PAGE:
Do You Need a Career Coach?
I am often surprised by how few people really understand how a career coach actually helps her clients. Career coaching has actually existed as a service (then called career counseling) in the United States since 1890 when placement services were offered to people during the industrial era. Around 1920, public schools began offering educational guidance which moved to training counselors to work with college students in 1940. In 1960 career counselors started focusing on helping workers find meaning in their lives and in 1980 when the U.S. began changing from the industrial era to the technological age, career counselors focused on teaching the skills necessary to make this shift. Finally in 1990, changes in technology and demographics increased the popularity of career coaching for the general population. With the recent recession, more and more people are hiring career coaches because they have lost their jobs or have gone through a life altering situation such as surviving cancer.
It’s probably easiest to start by listing the few things that a career coach does not do for her clients. She does not find you a job. This means that she does not get on the phone and make calls for you to find job openings and she usually cannot influence a hiring manager to interview you. In other words, she does not perform the functions of a recruiter or headhunter.
However, there are so many things that a career coach can do to help you in your job search or if need be, change careers.
She can help you to bolster or rebuild your confidence. If you have been out of work for a while, this may cause you to feel insecure about your abilities and the value that you can bring to a new employer. Once your career coach learns about you and your work history and achievements, she can remind you of these accomplishments and help you to articulate the value you bring to an employer on paper and in an interview.
Being out of work usually changes your life priorities, including deciding what kind of work you choose to do moving forward. A career coach can help you with your overall career strategy as well as your job search planning. Hiring a professional to help you look at the big picture is very useful. It’s also likely that you haven’t looked for a job in a long time and many aspects of job search have changed since then such as using LinkedIn or the way you write your resume.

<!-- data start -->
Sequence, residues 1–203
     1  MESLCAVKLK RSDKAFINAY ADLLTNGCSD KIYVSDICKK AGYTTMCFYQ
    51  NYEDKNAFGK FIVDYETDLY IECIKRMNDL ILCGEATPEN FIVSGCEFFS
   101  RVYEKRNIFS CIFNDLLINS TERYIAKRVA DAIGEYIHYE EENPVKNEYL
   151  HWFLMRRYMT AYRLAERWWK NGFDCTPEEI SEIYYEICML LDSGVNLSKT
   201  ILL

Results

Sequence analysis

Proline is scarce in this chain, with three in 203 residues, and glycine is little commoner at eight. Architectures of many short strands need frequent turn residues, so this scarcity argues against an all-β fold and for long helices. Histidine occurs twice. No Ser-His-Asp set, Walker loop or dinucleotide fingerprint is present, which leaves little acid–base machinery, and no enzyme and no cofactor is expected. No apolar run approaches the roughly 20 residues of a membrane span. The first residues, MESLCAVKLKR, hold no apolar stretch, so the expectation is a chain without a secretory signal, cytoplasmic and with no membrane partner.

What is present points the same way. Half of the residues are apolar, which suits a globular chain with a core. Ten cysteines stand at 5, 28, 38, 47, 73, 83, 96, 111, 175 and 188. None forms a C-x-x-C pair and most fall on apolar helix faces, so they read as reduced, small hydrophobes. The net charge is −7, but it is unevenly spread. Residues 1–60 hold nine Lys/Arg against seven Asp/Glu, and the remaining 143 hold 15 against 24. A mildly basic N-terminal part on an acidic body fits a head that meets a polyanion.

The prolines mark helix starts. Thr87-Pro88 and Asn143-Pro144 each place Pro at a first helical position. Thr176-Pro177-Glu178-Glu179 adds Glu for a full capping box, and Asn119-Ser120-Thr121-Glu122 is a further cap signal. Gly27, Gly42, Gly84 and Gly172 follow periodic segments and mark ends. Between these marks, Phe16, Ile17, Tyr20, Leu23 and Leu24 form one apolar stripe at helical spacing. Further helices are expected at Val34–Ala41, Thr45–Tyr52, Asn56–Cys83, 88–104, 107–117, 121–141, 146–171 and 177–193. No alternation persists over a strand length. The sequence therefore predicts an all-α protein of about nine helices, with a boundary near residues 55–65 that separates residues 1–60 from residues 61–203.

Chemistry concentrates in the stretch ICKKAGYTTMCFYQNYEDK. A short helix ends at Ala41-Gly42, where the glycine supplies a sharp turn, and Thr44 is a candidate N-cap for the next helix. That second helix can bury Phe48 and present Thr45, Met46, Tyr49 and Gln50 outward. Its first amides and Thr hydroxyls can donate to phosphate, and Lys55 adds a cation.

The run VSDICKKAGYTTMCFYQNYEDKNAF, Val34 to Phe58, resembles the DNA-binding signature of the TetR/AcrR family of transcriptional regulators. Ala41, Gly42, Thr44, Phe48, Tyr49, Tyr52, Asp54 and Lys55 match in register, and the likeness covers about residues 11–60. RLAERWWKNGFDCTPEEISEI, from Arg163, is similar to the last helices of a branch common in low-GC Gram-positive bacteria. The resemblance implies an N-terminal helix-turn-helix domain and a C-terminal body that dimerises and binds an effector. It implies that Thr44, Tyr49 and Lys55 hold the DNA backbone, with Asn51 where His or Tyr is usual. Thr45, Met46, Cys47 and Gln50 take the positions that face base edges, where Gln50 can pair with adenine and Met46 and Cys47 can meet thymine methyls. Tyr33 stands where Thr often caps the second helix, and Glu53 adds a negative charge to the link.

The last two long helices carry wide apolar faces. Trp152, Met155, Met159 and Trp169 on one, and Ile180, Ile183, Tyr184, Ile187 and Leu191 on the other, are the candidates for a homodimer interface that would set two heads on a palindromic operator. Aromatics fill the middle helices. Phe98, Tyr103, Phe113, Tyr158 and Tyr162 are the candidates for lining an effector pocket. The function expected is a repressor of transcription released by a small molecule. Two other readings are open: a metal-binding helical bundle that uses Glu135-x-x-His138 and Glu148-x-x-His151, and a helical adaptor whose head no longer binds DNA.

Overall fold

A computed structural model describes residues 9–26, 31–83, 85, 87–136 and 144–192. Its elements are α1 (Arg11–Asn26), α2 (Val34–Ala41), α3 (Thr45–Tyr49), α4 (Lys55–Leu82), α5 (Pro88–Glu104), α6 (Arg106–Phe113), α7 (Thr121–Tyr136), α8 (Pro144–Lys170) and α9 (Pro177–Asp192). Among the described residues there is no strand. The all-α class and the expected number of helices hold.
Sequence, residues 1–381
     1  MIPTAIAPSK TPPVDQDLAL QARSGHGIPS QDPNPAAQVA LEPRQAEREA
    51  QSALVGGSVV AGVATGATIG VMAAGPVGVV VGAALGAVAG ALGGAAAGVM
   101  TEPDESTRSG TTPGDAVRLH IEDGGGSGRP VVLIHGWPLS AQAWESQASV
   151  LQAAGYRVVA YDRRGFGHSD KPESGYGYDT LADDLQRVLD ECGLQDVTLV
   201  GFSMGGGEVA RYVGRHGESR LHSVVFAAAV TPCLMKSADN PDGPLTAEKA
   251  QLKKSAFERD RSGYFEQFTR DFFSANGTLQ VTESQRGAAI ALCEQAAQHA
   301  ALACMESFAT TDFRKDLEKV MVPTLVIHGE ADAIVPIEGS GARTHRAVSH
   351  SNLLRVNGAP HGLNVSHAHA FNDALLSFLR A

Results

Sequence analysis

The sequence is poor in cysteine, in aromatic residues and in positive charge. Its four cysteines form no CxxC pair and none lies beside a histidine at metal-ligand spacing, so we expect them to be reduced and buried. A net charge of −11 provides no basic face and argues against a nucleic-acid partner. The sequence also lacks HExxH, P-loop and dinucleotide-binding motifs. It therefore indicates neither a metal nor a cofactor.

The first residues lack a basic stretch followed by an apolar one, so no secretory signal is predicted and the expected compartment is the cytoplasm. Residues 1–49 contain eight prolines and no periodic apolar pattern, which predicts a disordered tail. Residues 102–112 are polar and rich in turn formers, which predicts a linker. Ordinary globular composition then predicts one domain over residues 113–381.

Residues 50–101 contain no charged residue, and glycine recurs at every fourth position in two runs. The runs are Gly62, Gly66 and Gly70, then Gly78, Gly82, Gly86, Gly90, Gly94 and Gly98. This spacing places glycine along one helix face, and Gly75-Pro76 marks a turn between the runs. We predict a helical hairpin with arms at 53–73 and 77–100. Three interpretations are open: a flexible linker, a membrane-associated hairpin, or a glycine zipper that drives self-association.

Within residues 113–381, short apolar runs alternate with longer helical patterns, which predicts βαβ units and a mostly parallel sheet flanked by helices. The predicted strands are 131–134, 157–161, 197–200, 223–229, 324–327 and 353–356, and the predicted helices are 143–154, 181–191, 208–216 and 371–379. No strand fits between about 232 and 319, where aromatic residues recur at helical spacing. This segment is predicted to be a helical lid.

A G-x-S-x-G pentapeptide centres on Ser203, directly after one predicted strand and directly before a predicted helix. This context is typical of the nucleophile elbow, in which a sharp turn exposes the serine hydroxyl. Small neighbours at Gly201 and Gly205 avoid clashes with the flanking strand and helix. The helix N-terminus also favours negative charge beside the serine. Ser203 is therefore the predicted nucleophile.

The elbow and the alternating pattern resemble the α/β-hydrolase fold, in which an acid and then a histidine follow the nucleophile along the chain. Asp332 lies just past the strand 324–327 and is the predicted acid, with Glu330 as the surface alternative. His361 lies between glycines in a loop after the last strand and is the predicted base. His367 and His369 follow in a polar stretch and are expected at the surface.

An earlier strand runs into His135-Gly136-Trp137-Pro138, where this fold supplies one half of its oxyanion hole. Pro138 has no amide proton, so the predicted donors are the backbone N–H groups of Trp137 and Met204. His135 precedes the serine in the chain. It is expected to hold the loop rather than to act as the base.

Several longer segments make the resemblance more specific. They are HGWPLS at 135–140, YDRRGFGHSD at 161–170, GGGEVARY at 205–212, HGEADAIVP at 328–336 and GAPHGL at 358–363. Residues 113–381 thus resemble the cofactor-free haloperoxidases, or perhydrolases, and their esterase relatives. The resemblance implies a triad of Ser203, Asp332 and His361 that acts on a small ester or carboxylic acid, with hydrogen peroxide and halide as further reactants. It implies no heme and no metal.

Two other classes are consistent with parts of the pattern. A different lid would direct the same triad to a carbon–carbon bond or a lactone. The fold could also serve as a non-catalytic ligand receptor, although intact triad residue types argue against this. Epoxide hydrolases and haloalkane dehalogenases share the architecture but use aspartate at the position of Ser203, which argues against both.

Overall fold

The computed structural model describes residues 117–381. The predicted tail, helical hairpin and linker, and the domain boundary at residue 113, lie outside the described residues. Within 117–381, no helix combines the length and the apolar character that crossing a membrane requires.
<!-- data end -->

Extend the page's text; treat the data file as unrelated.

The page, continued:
A career coach can advise you on some of the most common issues job seekers face such as how to handle questions about time gaps on your resume.
Networking with people is the number one method for uncovering job opportunities yet it can be an awkward skill to learn. A career coach can teach you the elements of effective networking including how to meet new people and what to say to them, networking etiquette and different ways to cultivate relationships and follow-through to reap results. Your coach can share her contacts with you as well.
Interviewing for a job can be nerve wracking and a skilled career coach can actually conduct a mock interview with you while helping you to come up with great responses to tough interview questions such as, “Tell me about yourself” or “What would your last manager say your biggest weaknesses are?”
As you can see the list of topics that a career coach can give you advice about is endless. Equally as important, the support you receive and objective sounding board that you have with a career coach is invaluable.